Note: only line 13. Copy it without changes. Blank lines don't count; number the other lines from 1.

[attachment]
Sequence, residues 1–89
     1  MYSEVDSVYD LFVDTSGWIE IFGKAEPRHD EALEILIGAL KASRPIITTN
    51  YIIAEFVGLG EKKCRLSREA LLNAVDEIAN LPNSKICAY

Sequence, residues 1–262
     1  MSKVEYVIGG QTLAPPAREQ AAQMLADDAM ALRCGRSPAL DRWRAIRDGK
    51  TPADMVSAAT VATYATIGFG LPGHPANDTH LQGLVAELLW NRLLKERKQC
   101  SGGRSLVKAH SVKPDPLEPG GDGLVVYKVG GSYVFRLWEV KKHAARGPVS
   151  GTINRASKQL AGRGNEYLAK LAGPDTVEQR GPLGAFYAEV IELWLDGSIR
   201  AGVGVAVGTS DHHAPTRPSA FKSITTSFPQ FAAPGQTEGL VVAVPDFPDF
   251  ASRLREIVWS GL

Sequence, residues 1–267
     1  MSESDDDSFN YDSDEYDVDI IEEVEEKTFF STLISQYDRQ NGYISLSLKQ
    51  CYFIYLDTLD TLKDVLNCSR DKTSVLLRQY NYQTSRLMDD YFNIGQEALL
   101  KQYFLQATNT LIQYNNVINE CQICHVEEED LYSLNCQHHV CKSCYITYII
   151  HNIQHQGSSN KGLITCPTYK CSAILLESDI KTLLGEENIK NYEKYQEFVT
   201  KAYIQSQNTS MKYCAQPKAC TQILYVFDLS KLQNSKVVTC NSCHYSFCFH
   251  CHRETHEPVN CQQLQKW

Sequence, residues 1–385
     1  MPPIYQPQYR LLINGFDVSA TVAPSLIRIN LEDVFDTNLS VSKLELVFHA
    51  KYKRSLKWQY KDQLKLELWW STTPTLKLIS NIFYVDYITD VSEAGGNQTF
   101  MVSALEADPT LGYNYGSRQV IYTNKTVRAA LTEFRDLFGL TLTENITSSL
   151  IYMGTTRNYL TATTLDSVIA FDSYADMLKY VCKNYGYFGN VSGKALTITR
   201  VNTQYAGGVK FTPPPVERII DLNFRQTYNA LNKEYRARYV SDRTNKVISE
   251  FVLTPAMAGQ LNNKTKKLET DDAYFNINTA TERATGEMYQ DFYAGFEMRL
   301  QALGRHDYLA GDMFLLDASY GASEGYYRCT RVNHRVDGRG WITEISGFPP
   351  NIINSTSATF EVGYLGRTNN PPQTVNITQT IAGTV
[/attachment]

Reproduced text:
    51  CYFIYLDTLD TLKDVLNCSR DKTSVLLRQY NYQTSRLMDD YFNIGQEALL